Monday, February 4, 2013

PA Marcellus News Digest 2/4/13

PA Marcellus News Digest 
February 4, 2013


MSC Releases Recommended Practices for Water Pipelines
Jan 31
Pittsburgh, PA – Today, the Marcellus Shale Coalition (MSC) published Recommended Practices (RP) for Water Pipelines, the sixth in a series of guidance documents aimed at further enhancing the safe development of natural gas across the Appalachian basin. This RP for constructing water pipelines is in line with the MSC’s Guiding Principles to “implement state-of-the-art environmental protection across our operations” and supports ongoing industry efforts to reduce its operational overall footprint.

PA DEP Keeps Homeowners in the Dark on Water Testing Policy, Abruptly Cancels Meeting with Environmental Groups
PA DEP’s failure to explain their water testing policies and use of suite codes continues to leave concerned public demanding answers
Feb 4
Harrisburg, PA – Mystery, questions and concern continue to surround Pennsylvania Department of Environmental Protection’s (PADEP) water testing and reporting policies related to suspected impacts from Marcellus Shale natural gas operations.  These issues were originally revealed in the Kiskadden vs. PADEP deposition of Taru Upadhyay, technical director of DEP’s Bureau of Laboratories — and were described widely in subsequent news stories regarding the use of suite codes, which result in only partial test results being sent to homeowners.


Sen. Yaw Seeks Study On Extension Of Natural Gas Service
PA Environment Digest
Feb 4
Sen. Gene Yaw (R-Bradford), Majority Chair of the Senate Environmental Resources and Energy Committee, is seeking support for a legislative proposal that will study the potential for increased residential, commercial and industrial natural gas infrastructure extension in Pennsylvania.

State tightens rules for drilling engines
But environmental groups remain skeptical about pollution levels
Don Hopey
Feb 2
The state Department of Environmental Protection said newly updated requirements for natural gas-powered engines used at Marcellus Shale gas compressor stations tighten existing emissions standards by 75 to 90 percent.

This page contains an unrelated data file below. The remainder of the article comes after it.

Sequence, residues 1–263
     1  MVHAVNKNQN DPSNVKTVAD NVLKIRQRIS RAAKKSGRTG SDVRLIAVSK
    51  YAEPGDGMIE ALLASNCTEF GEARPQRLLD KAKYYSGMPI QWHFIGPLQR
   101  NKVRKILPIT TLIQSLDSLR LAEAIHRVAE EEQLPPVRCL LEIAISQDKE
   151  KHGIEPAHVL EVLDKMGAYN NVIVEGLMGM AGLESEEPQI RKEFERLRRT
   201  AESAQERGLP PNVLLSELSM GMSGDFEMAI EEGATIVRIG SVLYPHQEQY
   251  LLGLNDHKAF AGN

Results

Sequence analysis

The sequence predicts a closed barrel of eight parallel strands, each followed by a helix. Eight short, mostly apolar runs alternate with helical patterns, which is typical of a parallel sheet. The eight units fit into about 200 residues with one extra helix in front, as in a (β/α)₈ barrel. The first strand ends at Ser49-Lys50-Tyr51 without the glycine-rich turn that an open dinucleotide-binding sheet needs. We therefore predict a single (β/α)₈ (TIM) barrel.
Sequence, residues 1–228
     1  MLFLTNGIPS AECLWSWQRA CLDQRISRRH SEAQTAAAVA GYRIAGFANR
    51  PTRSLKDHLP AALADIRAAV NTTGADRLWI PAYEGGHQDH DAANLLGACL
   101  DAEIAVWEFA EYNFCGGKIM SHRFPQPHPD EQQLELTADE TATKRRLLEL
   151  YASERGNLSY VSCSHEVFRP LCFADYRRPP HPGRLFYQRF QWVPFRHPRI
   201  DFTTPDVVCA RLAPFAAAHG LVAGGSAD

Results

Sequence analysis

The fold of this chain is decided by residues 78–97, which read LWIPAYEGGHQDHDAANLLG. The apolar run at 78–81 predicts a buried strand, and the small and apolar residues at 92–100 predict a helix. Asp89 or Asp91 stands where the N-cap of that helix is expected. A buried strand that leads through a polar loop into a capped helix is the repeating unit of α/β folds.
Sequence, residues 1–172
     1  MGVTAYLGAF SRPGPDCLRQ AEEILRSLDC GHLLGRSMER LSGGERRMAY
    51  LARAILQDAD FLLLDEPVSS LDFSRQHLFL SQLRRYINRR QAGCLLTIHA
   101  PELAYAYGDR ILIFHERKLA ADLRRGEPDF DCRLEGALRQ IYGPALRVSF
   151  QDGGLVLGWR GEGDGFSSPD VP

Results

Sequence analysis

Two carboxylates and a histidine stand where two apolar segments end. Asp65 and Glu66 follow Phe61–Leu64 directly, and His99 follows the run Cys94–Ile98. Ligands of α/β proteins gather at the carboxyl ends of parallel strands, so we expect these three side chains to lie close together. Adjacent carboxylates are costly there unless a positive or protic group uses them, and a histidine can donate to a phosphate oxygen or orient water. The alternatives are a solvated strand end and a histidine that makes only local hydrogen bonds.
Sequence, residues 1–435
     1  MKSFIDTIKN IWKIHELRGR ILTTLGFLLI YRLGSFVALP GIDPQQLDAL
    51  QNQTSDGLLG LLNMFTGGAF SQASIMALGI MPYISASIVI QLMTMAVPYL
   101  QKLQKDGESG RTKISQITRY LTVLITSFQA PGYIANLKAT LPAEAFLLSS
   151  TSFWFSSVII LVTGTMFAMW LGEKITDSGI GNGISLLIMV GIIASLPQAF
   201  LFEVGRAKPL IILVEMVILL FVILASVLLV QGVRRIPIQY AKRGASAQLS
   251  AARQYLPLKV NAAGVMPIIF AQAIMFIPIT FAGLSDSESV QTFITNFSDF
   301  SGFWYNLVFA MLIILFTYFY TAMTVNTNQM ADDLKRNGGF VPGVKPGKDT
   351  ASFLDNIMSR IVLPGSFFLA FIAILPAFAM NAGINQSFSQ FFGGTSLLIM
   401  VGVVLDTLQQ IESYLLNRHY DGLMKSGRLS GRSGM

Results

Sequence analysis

DEP Enacts More Stringent Air Quality Rules for Nat Gas Operations
NPR State Impact
Susan Phillips
Jan 31

A suggestion with merit
Feb 3
It’s been more than seven years since Ryerson Station State Park’s 62-acre Duke Lake was drained after inspections by the state Department of Environmental Protection and the state Department of Conservation and Natural Resources revealed expanding cracks in the 45-year-old concrete dam.

Challenge may be brewing over Pa. GHG reporting
E&E News, EnergyWire
Ellen M. Gilmer
Feb 1
(full text below)
Time is running out for Pennsylvania oil and gas drillers deciding whether to challenge the state's new requirement for greenhouse gas reporting.

Pittsburgh-based lawyers at the firm ReedSmith are advising Pennsylvania operators to file a notice of appeal and refuse to provide emissions information to the Department of Environmental Protection.

According to ReedSmith counsel Jennifer Smokelin, at least two oil and gas companies are considering a legal challenge to the requirement, but she wouldn't identify them until official action is taken. An appeal arguing that DEP lacks authority to require greenhouse gas reporting would go before the Environmental Hearing Board.

Oil and gas companies working in Pennsylvania received a letter last month from DEP outlining mandatory reporting requirements for carbon dioxide, methane and nitrous oxide -- a big step in the gas-rich Marcellus Shale to determine the impact of expanded production on climate change. With a 30-day appeals deadline, companies could have until late next week to challenge the requirement, depending on what day they received the letter.